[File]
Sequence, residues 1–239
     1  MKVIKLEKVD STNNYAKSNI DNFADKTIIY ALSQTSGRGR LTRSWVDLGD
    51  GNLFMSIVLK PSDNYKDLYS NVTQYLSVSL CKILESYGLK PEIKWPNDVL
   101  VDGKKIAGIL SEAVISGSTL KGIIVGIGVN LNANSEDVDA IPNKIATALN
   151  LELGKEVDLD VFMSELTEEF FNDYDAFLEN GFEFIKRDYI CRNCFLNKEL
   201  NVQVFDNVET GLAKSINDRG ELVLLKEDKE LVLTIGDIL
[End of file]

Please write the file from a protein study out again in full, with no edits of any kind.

Sequence, residues 1–239
     1  MKVIKLEKVD STNNYAKSNI DNFADKTIIY ALSQTSGRGR LTRSWVDLGD
    51  GNLFMSIVLK PSDNYKDLYS NVTQYLSVSL CKILESYGLK PEIKWPNDVL
   101  VDGKKIAGIL SEAVISGSTL KGIIVGIGVN LNANSEDVDA IPNKIATALN
   151  LELGKEVDLD VFMSELTEEF FNDYDAFLEN GFEFIKRDYI CRNCFLNKEL
   201  NVQVFDNVET GLAKSINDRG ELVLLKEDKE LVLTIGDIL